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Juneteenth, Disability, and Freedom Revisited

Two years ago, we asked DRP intern, Shawn Aleong, about his thoughts on what freedom means as a Black man with a disability, but that was before a worldwide pandemic, the George Floyd protests, and countless deaths of people with disabilities caused by police brutality. Figuring that his views may have changed considering these events, we asked him to, once again, reflect on the push towards freedom and change.

As I reflect on the past year and past June, we have a whole lot of work to be done. Not only for justice but for civil rights as well. We need to put forth a major effort to end police brutality, which has been a pandemic in and of itself. For 400 years, people of color and people with disabilities have been oppressed by society. Much like Dr. King once said, “[Black people are] still the poorest American, walled in by color and poverty. The law pronounces [them] equal--abstractly--but [their] conditions of life are still far from equal to those of other Americans. “

For centuries, America has also been stigmatizing disabilities. We still feel the effects of that stigma today. When we say that we have progressed, how have we progressed when we still have police brutality, unequal access to housing, and a lack of competitive jobs for people with disabilities?

Yet, we say that America is the land of the free.

We must come to the realization that America still has its failings that it needs to fix to become a nation of inclusivity and access for all. Black people and disabled people of color are more likely to be incarcerated and discriminated against—all because of the existence of disability and racism in their lives. It doesn’t matter which groups you identify with, if you’re an African American with a disability, society will look at you like you are not capable.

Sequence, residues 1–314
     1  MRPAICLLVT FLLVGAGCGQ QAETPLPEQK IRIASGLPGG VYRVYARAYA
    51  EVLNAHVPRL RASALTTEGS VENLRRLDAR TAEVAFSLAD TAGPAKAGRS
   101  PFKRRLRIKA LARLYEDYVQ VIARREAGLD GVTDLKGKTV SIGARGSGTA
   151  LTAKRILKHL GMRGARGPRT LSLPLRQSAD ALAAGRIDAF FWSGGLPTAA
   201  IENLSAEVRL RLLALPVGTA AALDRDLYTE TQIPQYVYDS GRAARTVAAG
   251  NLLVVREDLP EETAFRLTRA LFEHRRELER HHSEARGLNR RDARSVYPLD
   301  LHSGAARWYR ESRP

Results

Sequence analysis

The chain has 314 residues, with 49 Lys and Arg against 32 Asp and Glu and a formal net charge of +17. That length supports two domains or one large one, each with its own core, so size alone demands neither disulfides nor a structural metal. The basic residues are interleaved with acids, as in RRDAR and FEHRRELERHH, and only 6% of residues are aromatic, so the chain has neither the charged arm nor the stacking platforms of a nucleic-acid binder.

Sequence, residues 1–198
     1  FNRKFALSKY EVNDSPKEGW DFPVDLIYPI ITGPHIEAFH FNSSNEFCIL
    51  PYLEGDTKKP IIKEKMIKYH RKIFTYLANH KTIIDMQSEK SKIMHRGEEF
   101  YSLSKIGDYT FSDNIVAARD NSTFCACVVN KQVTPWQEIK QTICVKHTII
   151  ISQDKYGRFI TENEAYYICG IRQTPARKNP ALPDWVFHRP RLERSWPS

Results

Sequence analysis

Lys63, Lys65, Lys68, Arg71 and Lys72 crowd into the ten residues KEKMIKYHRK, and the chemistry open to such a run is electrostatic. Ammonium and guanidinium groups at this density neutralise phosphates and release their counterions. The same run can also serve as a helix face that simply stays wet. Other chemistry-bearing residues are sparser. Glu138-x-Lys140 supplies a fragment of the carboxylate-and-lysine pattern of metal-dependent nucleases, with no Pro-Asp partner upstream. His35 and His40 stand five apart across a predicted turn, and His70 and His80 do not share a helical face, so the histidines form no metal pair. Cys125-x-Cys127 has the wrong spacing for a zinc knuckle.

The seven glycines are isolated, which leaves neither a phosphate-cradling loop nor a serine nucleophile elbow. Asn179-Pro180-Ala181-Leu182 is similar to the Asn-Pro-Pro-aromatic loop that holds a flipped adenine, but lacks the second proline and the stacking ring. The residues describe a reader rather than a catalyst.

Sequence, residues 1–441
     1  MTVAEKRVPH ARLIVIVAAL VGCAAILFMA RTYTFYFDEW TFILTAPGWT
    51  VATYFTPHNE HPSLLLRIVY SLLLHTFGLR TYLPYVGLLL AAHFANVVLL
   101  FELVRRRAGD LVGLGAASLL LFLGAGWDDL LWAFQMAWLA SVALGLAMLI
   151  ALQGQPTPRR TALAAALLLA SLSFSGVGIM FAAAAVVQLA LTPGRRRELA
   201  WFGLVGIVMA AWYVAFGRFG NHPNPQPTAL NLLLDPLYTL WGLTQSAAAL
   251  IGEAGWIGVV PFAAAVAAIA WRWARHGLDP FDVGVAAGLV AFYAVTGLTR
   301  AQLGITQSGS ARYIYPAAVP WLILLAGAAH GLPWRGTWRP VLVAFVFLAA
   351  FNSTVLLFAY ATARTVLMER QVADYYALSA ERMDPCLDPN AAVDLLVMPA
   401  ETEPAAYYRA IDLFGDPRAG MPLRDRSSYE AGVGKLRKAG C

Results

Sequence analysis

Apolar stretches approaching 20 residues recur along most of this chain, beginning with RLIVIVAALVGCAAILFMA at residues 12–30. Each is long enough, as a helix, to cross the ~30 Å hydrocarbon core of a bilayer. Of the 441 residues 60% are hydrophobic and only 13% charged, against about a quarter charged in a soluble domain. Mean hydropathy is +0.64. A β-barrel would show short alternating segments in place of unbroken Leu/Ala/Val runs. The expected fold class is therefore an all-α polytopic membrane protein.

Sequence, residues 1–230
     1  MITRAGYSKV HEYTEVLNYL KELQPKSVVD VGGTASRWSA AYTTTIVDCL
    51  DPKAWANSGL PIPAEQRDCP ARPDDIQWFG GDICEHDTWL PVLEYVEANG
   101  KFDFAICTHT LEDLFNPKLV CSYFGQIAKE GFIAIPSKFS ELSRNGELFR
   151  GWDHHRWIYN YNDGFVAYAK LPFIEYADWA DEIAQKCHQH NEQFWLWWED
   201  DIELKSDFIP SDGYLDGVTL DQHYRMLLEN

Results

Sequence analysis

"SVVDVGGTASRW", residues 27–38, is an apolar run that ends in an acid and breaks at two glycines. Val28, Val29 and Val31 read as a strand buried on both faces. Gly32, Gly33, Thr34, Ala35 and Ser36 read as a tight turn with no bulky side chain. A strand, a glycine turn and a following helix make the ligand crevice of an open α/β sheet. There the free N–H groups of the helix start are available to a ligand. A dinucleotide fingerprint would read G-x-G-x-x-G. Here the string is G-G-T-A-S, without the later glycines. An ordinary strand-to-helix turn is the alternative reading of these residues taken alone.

I hope one day, a Black disabled person will be able to live freely without judgment or persecution when they are simply existing. I hope that one day Black people, with and without disabilities, can have that American Dream we are told exists. I hope one day, public schools become more integrated for black disabled children so that they can learn without boundaries. I hope one day we will live up to the true creed of our democracy.

I hope that one day our human rights will be recognized. 

Voting stickers and

Harrisburg, PA | Disability Rights Pennsylvania (DRP) announces the release of their 2020 Voting Access Report, a detailed analysis of accessibility issues Pennsylvanians with disabilities experienced in the 2020 General Election. Despite the expanded availability of mail-in ballots due to Act 77 and Act 12, simple proximity to the ballot does not ensure complete accessibility. Hurdles to voting both in person and through the mail remain. The report discusses the issues for the disability community in utilizing mail-in ballots, issues for voters in long-term care facilities, barriers to voting access for the visually impaired, and access barriers for in-person voters...

Settlement of Lawsuit gives people with mobility impairments greater access to their communities.
Following a class-action lawsuit filed by Disability Rights Pennsylvania, removable medical equipment, such as wheelchair ramps, wheelchair lifts, ceiling lifts, and stair glides, is now covered under Medicaid for children and adults with mobility impairments. Read more
Need help accessing a vaccine? Learn more about our vaccine hotline.

People with disabilities who have questions about the COVID-19 vaccine, or who are experiencing problems getting it, can call DRP at (833) DRP-2-VAX, (833- 377- 2829) or email DRP at between 7 a.m. and 7 p.m. Monday through Friday. Read more

Disability Rights Pennsylvania
301 Chestnut Street Suite 300 | Harrisburg, Pennsylvania 17101
800-692-7443 |

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